The White House Report: A Commitment, a Call to Action and a Look at the Work that Remains

Yesterday, the White House Council on Women and Girls and the Office of the Vice President released an unprecedented report called Rape and Sexual Assault: A Renewed Call to Action. The report offers the most recent data on the prevalence of rape and sexual assault across the country and a critique of the criminal justice system’s response. It also highlights actions taken by the Administration toward ending sexual violence and areas where additional focus is needed. 

The report opens with the staggering statistics we know far too well: nearly 1 in 5 women, or nearly 22 million, and 1 in 71 men, or almost 1.6 million, have been raped in their lifetimes. It then delves deeper into the impact this violence has both on survivors and communities. For survivors, such trauma can result in long-term physical and mental health problems. For communities, studies have found the economic costs to range from $87,000 to $240,776 per assault.

In addressing the response, the report first focuses on college campuses, calling for schools to adopt better policies and practices both to prevent assaults and respond more effectively when they occur. It also announces that President Obama is establishing a White House Task Force to Protect Students from Sexual Assault. The Task Force will create model practices, ensure compliance among institutions with their legal obligations, enhance coordination among federal agencies and increase public awareness about institutional responses to sexual violence. 

As to the criminal justice system, the White House report calls out the nation’s very low arrest rates for sexual assault, citing the National Crime Victimization Survey, which found that “approximately 12% of the 283,200 annual rape or sexual assault victimizations between 2005 – 2010 resulted in an arrest.” The report attributes this abysmal response in part to many members of law enforcement not believing survivors or making assumptions based on how the survivor is reacting to the trauma. They cite examples of law enforcement discouraging survivors from reporting their rapes, questioning the survivor’s own behavior and even threatening charges for false reporting. 

The report also highlights the rape kit backlog as a significant factor in low prosecution rates. It points out that law enforcement policies regarding the prioritization of kits for testing are inconsistent, and that even when kits are submitted to a crime lab, they may sit untested for several months. It explains that the demand for DNA testing has consistently outpaced crime lab capacity.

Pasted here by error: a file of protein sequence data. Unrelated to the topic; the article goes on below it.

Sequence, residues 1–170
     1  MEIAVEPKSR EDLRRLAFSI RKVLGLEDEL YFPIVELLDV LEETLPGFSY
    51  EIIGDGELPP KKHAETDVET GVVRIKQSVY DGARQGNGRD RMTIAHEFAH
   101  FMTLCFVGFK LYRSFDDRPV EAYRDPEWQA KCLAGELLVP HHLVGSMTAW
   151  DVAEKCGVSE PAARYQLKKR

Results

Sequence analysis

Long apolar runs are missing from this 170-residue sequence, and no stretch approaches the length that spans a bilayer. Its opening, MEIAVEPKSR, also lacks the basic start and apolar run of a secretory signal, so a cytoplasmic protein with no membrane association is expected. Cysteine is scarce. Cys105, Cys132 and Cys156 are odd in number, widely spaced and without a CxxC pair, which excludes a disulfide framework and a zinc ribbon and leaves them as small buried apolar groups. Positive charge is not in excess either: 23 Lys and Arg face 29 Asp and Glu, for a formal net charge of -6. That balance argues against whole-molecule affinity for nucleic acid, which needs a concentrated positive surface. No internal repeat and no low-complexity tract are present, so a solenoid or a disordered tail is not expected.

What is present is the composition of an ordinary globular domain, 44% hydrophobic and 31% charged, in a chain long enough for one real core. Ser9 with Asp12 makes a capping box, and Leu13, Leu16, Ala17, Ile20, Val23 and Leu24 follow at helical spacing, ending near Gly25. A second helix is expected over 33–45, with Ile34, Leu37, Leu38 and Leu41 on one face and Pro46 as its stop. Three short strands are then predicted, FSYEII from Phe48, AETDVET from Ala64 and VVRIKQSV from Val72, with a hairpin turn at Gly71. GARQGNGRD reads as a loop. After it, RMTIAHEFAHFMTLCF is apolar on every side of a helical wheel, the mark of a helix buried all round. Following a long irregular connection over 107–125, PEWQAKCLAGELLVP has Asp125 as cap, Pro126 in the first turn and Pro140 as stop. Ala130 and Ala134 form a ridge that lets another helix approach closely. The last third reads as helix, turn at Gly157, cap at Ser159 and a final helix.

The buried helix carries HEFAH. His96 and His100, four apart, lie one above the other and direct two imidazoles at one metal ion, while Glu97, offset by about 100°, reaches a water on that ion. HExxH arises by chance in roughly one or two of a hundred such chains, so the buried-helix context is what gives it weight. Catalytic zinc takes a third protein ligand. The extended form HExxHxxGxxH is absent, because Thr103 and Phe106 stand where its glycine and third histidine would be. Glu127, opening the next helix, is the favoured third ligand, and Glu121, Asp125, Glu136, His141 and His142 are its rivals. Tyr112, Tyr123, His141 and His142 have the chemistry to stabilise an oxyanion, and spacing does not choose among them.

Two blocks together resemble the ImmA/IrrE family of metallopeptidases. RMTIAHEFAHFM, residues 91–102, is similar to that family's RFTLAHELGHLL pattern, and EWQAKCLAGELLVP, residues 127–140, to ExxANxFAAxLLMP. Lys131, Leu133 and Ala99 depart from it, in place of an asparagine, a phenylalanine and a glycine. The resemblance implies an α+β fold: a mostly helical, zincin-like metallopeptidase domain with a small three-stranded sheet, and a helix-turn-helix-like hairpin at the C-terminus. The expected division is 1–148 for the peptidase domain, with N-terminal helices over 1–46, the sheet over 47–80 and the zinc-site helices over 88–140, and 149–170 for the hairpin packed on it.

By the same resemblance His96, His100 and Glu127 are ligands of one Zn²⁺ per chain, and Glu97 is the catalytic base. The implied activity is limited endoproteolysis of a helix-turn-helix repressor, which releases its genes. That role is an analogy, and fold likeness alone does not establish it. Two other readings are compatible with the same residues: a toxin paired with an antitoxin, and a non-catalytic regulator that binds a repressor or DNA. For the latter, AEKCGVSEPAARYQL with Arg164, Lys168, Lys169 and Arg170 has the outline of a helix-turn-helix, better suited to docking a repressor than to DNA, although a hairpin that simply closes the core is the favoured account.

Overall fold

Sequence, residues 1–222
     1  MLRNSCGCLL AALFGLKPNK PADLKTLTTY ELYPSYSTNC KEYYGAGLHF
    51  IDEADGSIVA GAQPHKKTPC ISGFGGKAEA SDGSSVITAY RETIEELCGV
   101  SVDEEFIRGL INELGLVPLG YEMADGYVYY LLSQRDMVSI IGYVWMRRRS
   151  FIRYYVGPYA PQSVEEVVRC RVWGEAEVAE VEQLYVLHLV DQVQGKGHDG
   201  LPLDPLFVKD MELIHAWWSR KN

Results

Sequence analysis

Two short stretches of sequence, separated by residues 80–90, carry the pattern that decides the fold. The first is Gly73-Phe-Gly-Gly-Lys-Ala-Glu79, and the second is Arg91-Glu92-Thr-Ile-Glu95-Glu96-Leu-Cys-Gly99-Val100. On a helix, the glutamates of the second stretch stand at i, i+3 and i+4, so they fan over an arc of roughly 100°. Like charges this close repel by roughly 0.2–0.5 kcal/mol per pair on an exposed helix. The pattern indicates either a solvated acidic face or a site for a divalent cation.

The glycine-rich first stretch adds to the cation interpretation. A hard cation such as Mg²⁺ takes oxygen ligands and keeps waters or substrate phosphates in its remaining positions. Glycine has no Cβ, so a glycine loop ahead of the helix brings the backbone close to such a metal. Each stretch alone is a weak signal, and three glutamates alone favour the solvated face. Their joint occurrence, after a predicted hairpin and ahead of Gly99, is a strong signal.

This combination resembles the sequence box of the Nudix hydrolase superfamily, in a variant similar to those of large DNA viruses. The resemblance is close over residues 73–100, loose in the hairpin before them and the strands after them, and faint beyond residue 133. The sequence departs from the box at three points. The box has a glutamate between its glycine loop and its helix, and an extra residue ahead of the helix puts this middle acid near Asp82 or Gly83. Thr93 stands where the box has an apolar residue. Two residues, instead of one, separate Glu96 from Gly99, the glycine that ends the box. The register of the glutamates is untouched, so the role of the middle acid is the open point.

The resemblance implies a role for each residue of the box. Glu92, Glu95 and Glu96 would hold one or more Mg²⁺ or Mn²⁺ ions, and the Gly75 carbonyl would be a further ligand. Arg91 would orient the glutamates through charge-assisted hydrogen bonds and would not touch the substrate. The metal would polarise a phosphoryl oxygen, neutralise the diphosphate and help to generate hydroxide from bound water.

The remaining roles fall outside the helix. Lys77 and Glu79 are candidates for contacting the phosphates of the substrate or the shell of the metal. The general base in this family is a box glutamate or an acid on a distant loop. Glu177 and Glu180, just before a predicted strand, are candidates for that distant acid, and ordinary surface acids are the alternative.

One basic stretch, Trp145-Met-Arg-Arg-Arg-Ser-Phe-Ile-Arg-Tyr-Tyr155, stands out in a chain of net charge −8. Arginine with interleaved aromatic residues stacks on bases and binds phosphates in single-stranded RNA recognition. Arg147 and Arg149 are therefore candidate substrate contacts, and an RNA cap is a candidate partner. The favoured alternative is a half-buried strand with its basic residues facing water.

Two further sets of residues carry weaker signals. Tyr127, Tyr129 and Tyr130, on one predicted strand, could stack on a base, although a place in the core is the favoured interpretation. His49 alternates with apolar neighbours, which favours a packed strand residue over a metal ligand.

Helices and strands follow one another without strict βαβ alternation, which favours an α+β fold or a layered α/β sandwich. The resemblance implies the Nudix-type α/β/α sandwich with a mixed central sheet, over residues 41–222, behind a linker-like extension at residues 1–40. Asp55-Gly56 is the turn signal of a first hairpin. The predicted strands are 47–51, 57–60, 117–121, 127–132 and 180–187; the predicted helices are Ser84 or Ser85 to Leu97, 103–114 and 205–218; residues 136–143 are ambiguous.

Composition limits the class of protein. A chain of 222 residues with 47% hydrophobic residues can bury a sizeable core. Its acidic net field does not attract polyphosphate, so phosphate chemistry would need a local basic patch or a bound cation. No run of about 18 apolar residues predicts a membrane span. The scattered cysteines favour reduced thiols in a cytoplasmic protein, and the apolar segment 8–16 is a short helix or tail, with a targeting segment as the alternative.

In terms of solutions to the lack of arrests and prosecutions for rape, the report discusses increasing funding for multidisciplinary Sexual Assault Response Teams, specialized training for law enforcement and prosecutors on how trauma can affect survivors, and addressing the rape kit backlog. We know that rape kit testing can identify an unknown assailant, affirm the survivor's account of the assault and discredit the suspect, identify possible serial rapists, and even exonerate innocent suspects. Simply put, testing rape kits can bring healing and justice to survivors. Not testing rape kits allows perpetrators to get away with their crimes. 

The White House report points to the success of the National Institute of Justice’s (NIJ) DNA Backlog Reduction Program, which provides funds to 120 state and local crime labs for DNA testing. NIJ’s action-research projects in Detroit and Houston are specifically highlighted. The report shares some preliminary results from these projects, including the shocking number of serial rapists identified by testing backlogged kits in Detroit. Joyful Heart has been involved in Detroit's efforts to end its backlog as a national partner on the NIJ project, providing a national perspective on the backlog, as well as guidance to ensure reforms are survivor-centered.

The report also notes that clearing a backlog is just the first step in the larger process of bringing justice to survivors and holding offenders accountable. NIJ's DNA Backlog Reduction Program cannot be fully effective unless police departments submit evidence to the lab for testing in the first place. And jurisdictions desperately need resources to follow up on and fully investigate leads from testing, to move cases forward to prosecution and to re-engage survivors.

While this very important White House report demonstrates the Administration’s deep commitment to ending sexual violence and improving the responses of our government, our criminal justice system, our schools and our communities, it also identifies that there is still a great deal of work to be done. 

To start, elected officials at all levels must commit not only to providing jurisdictions with funding to process DNA evidence at their crime labs, but must also invest fully in transparency and holding law enforcement agencies accountable for all of the untested rape kits languishing in their custody. Elected officials must engage survivors and advocacy communities to create concrete and survivor-centered strategies and reforms for ending the backlog

For their part, law enforcement must count, track and test the kits in their evidence rooms—and believe and honor survivors' decisions to participate in the criminal justice process. 

As community members, we must all take a stand against a culture and institutions that tolerate sexual violence and call on our representatives to make these changes. Together, we can end the backlog. 

- By Elizabeth Swavola, January 23, 2014

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